Nov. 27, 2015 SIGN IN | REGISTER

Markey Making His Mark

Boucher and Markey both pointed to a recent Environmental Protection Agency announcement — following a pivotal 2007 Supreme Court decision — signaling that it would regulate carbon dioxide as spurring industry interest in getting something done.

“There’s now an understanding that we have to act,” Boucher said. “The EPA is going to regulate it if we don’t.”

Rep. Mike Doyle (D-Pa.), a subcommittee member with steel plants in his district, said there was a lot of fear, especially outside the Beltway, of a bill written by liberals like Markey and Waxman, but Members have been pleasantly surprised by their willingness to accept compromises.

“I have to say that Ed Markey has bent over backwards to be sensitive to the concerns of people like myself,” Doyle said. “I can’t say enough about him. That being said, there’s a long way to go.”

Although Markey and Waxman are pushing for Memorial Day to conclude committee action, it’s not clear what will happen next.

House Majority Leader Steny Hoyer (D-Md.) has hedged on whether the House would move forward first with the cap-and-trade/energy combination measure envisioned by Markey and Waxman or a narrower energy bill that would omit the more controversial cap-and-trade provisions.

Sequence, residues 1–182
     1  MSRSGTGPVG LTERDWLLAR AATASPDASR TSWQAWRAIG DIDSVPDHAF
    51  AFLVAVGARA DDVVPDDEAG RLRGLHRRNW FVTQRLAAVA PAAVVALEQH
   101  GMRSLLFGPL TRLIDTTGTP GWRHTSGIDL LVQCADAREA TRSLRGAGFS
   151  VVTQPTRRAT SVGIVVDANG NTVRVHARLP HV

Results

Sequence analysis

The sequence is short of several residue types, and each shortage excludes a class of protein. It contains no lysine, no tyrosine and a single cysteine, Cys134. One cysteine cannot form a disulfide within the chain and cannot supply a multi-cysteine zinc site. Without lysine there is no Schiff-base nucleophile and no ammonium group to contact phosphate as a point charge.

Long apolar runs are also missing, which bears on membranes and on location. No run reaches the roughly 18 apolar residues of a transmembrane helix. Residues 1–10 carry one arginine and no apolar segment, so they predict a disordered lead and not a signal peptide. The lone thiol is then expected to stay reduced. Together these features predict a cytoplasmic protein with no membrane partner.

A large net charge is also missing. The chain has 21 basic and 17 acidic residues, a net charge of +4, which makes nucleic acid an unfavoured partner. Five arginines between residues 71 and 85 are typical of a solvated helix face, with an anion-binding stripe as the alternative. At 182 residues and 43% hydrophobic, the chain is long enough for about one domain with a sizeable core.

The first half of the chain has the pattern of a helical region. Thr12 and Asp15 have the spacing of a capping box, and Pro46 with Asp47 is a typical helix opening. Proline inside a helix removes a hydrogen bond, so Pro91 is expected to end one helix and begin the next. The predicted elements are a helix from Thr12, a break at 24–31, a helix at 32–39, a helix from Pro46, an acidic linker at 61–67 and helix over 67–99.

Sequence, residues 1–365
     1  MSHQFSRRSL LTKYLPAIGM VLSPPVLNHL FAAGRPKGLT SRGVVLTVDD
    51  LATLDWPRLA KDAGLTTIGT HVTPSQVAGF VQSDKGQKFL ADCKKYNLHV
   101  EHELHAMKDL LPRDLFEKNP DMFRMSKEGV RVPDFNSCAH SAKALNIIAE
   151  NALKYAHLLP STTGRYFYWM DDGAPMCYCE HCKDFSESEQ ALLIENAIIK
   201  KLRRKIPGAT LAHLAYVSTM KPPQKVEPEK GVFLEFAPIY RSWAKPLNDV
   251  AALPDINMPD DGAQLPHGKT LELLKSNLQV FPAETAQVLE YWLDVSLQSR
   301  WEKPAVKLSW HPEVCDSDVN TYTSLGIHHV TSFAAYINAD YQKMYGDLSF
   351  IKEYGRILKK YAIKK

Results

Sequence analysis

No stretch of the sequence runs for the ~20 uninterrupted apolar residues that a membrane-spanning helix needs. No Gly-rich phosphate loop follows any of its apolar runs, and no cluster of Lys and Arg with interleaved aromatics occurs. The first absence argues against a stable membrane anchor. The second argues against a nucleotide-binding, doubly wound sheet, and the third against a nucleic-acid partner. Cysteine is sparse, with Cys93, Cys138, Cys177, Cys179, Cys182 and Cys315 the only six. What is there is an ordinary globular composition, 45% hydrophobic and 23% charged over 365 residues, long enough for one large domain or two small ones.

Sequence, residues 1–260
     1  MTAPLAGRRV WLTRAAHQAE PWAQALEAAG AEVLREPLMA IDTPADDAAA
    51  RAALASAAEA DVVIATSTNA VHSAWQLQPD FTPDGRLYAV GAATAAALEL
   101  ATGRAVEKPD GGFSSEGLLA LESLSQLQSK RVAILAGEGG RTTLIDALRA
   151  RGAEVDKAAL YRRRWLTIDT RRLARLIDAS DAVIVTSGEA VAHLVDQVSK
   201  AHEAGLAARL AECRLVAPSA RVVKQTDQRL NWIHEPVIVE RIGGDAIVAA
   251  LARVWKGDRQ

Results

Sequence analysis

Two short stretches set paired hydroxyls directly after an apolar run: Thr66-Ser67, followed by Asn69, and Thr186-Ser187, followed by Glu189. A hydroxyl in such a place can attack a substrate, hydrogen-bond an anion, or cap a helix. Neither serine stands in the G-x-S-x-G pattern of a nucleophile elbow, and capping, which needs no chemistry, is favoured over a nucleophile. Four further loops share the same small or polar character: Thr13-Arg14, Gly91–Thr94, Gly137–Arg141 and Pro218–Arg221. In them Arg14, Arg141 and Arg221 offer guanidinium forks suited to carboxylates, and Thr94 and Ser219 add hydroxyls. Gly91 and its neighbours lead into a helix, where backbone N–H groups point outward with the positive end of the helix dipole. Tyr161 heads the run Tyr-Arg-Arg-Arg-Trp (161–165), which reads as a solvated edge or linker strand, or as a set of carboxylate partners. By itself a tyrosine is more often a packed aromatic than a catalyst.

And some Members, including Democratic Caucus Chairman John Larson (Conn.), would prefer a flat-out carbon tax instead.

Members also want a better sense of where the Senate will go before moving a bill on the House floor.

“The House is getting a little tired of walking the plank” only to have the Senate refuse to move, Doyle said. “Why put something in a bill that has no chance of passing in the Senate?”

Markey and Waxman also are reaching out to Republicans, intending to meet with them today to present their proposal and get input. But so far, they don’t seem to be getting very far.

“We don’t want to cap our economy and trade away our jobs,” said Rep. John Shimkus (R-Ill.), who hails from coal country and sits on Markey’s subcommittee.

Republican leaders are eyeing the issue with relish, portraying the idea as “cap-and-tax” that will destroy industries, ship jobs overseas, tax everyone who flips on a light switch and do little or nothing to slow global warming. GOP lawmakers saw the energy debate as a winning issue for them in 2008, and are looking to capitalize on it again this year.

And Republicans like Energy and Commerce ranking member Joe Barton (Texas) argue that the idea Democrats would try to move cap-and-trade in the depths of a recession is politically insane.

Markey has no illusions that the path ahead will be easy, but he said he’s convinced the goal is worthwhile and that he will ultimately be successful.

“It’s no longer something that can be bottled up like it was by the Bush administration,” he said. And he said that no one should be surprised by the way he is going about building support for the bill.

“That’s how I’ve been operating my whole career,” he said. “We’ve been doing this a long, long time.”

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